Your customers don't care if you have a high cost of acquisition, or you have bills to pay. What matters is what your product can benefit your customers. That is all it matters.



#3 Take Advantage of Influencers Marketing


We are now in an era where many things can be copied. I have seen many competitors jacking suppliers, blatantly copying product ideas, copying marketing tactics, and re-brand it as their own.


That's where you need to build what we called, an economic moat.


Moats refers to those competitive advantages that can't be easily taken away from you.


One moat that is recently quite popular is influencers' marketing. Think of it as traditional marketing where they display commercial advertisements on your television, but has since much evolved with the times.


Let me share with you an example. It's hard to compete with Pantene in the hair care segment as they have Selena Gomez to endorse them.


You are really going to have a tough time competing against Kylie Cosmetics in the cosmetics niche because you have Kylie Jenner as the main face of the company. And you can’t steal her away from them because she’s the owner of the company.


Usually, people think about working with influencers as a way of distributing content. You'll get traffic if they start talking about your brand or products on their Instagram or YouTube.


A partnership with the right influencer will substantially increase the value of your product, and as well as your company.


The biggest risk in influencers' marketing is having your product or company heavily tied to one person. One particular company in my home country took a big hit when an influencer was involved in sexual harassment against underage boys.


Speaking of this, there seems to be a trend of "cancel culture". Cancel culture refers to celebrities or influencers getting "canceled" due to controversial things that they have said or improper behaviors. It's not wrong for the companies for canceling them – no companies would want to associate or work with someone who has a negative reputation. It will affect the company's branding and reputation as well.


In conclusion, if you are working with an influencer, do make sure that you do a thorough check on their background.



#4 Show Proofs That Are Irrefutable


These days, customers don't trust reviews as much as they used to.


It's either drop-shippers who have been faking their product reviews by writing themselves or importing reviews directly from AliExpress, or some companies have been moderating reviews that specifically remove bad reviews.


Regardless, trust issues definitely is a problem here.


Put yourself in the shoes of your customers. What conditions would make you trust a business enough to pull out your credit card and make a purchase?


As a business owner, how can you go beyond what others are doing in order to establish more credibility?


One way I would like is to have your own customers submit video reviews of your products. Trust me, it's a lot more credible as compared to a "fly-in" customers creating testimonials in a studio.


If you do know of any experts who can give you more credibility, don't be shy to show them off!



#5 Turn Your Product into an Offer


Chances are, you are sourcing products from AliExpress and sell them on your Shopify store. If that's the case, your biggest weak point is Amazon as you have several competitors selling the same product as you on Amazon.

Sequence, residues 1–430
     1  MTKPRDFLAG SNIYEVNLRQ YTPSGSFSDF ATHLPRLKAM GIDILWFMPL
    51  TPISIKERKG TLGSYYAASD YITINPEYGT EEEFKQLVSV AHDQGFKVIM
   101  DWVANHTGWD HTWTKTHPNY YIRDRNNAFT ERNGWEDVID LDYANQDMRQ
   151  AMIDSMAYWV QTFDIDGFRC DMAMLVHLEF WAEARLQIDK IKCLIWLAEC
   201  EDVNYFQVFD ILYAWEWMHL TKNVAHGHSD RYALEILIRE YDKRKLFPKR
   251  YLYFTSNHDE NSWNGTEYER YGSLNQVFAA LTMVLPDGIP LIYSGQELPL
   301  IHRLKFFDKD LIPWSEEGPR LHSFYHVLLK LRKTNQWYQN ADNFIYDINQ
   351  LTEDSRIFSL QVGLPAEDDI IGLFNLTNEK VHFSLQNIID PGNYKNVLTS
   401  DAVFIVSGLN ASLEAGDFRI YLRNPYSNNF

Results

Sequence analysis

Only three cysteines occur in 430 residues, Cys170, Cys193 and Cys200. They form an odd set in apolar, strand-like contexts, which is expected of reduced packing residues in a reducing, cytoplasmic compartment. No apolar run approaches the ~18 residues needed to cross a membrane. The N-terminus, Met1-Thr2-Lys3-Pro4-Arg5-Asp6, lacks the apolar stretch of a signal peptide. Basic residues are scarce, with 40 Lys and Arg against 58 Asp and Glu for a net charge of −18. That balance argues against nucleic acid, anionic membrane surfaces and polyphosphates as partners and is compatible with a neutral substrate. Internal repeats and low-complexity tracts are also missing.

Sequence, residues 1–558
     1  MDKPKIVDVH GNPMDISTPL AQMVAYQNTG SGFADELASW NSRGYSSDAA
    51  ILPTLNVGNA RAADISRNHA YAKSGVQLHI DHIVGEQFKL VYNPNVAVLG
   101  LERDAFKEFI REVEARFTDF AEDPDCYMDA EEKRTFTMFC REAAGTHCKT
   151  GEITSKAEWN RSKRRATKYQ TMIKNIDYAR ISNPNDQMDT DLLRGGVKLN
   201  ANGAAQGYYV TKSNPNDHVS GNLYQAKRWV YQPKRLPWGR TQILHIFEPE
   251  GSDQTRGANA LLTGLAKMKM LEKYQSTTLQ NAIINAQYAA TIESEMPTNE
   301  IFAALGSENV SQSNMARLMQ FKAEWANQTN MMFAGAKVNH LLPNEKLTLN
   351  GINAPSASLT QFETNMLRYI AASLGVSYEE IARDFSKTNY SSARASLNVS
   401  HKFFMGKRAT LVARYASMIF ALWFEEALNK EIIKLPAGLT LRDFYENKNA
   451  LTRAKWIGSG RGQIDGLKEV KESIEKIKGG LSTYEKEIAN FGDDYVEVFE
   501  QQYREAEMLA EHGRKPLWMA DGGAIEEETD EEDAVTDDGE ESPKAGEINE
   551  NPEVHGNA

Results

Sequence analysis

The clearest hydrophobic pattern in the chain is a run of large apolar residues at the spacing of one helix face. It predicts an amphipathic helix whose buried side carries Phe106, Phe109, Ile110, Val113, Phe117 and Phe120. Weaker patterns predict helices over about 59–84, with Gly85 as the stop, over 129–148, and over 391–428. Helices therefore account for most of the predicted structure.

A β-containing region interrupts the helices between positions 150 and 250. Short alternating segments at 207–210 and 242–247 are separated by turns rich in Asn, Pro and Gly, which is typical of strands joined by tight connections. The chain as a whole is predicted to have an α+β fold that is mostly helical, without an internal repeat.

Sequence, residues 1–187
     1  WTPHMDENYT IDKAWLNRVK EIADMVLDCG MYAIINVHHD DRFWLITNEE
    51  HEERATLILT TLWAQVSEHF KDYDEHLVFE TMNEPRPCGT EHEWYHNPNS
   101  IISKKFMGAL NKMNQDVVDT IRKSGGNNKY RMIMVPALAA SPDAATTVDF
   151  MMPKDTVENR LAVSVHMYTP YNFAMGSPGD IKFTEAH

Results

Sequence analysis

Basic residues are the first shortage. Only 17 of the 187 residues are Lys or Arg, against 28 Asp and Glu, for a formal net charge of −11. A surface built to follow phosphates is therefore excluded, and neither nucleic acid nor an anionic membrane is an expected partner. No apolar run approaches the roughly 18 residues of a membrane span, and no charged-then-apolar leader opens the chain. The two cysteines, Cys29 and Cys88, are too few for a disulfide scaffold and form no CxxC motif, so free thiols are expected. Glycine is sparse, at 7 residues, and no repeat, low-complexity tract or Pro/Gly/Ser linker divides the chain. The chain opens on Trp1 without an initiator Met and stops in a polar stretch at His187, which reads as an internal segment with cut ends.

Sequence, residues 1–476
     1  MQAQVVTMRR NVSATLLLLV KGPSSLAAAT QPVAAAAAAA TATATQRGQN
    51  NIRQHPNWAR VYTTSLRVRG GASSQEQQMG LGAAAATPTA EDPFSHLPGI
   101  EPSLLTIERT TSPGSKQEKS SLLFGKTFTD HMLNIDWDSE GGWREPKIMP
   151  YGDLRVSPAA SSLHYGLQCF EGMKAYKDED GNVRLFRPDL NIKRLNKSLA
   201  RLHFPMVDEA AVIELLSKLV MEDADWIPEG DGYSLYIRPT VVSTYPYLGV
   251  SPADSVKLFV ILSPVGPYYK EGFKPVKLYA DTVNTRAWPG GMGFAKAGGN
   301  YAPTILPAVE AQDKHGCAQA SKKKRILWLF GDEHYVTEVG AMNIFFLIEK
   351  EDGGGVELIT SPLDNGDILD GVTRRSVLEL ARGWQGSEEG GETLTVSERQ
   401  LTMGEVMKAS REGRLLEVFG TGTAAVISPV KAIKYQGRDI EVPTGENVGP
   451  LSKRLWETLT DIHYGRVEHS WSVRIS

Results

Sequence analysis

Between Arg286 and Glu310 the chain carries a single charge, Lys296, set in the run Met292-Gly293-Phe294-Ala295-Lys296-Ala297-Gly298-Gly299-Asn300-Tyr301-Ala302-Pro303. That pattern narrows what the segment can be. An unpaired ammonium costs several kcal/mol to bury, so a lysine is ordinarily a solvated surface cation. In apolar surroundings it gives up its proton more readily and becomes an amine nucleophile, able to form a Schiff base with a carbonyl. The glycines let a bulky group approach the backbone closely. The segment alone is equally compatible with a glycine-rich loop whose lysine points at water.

The difference? They’re selling it much cheaper and they also offer 2-day shipping through Amazon Prime.


To compete it directly would be suicide, but one way you can compete is to turn your product into an offer.


Here's an example from a fitness website.


This particular website sells anything that is related to women's fitness. Above here is an example of a fitness program that they are selling as a playbook.


Here, we understand that a 7-day swap step-by-step challenge playbook program is worth around $29.


But rather than simply selling a playbook, wouldn't it be great if you could get a progress tracker and expert secrets if you are new to fitness?


By creating an offer, you can charge double (or even triple) the average price if you wanted to. You’re no longer buying a playbook. You are buying the solution a shortcut to your dream body.


Again, this relates back to, #1, selling a lifestyle, a future, a new you. A new identity.



Conclusion


These are the five ways that you can utilize to increase the perceived value of your product.


The biggest takeaway here is to keep reinvesting in value.


The problem here is that I've seen too many marketers keep pushing as hard as possible to get the sale. Examples are spin-the-wheel, win a prize, or even countdown timers. I'm not saying those are bad, it may work in the short term for gimmicky products that sell well for the next 2-3 months. But that doesn’t work in the long term if you’re trying to build a brand like Louis Vuitton and Rolls Royce.


You have to play a long game.


I give you one classic example. Louis Vuitton had a controversial practice. If their bags couldn’t sell them, they rather burn them as a loss, instead of offering it as a discount. Why? Discounts hurt the brand they’ve spent centuries building.


In fact, even in the COVID-19 pandemic, Louis Vuitton even increased their prices. Just in March 2020, Louis Vuitton has announced a 3% worldwide price increase. However, on 5th May 2020, they absolutely shocked the entire luxury community by announcing that prices are going to be increased worldwide yet again.


With that being said, these aren't the only way in order to succeed in e-commerce. There is no one fixed way to succeed in e-commerce. What I've just shown you here in this post is only the concept of perceived value. But this will be vital if you’re trying to build a stronghold brand.


If you’re interested in learning more about this concept of making your product into an offer, I will write more about this concept in my next post.



Talk soon,

Derick

Established 2012 by Derick Ho. All rights reserved ®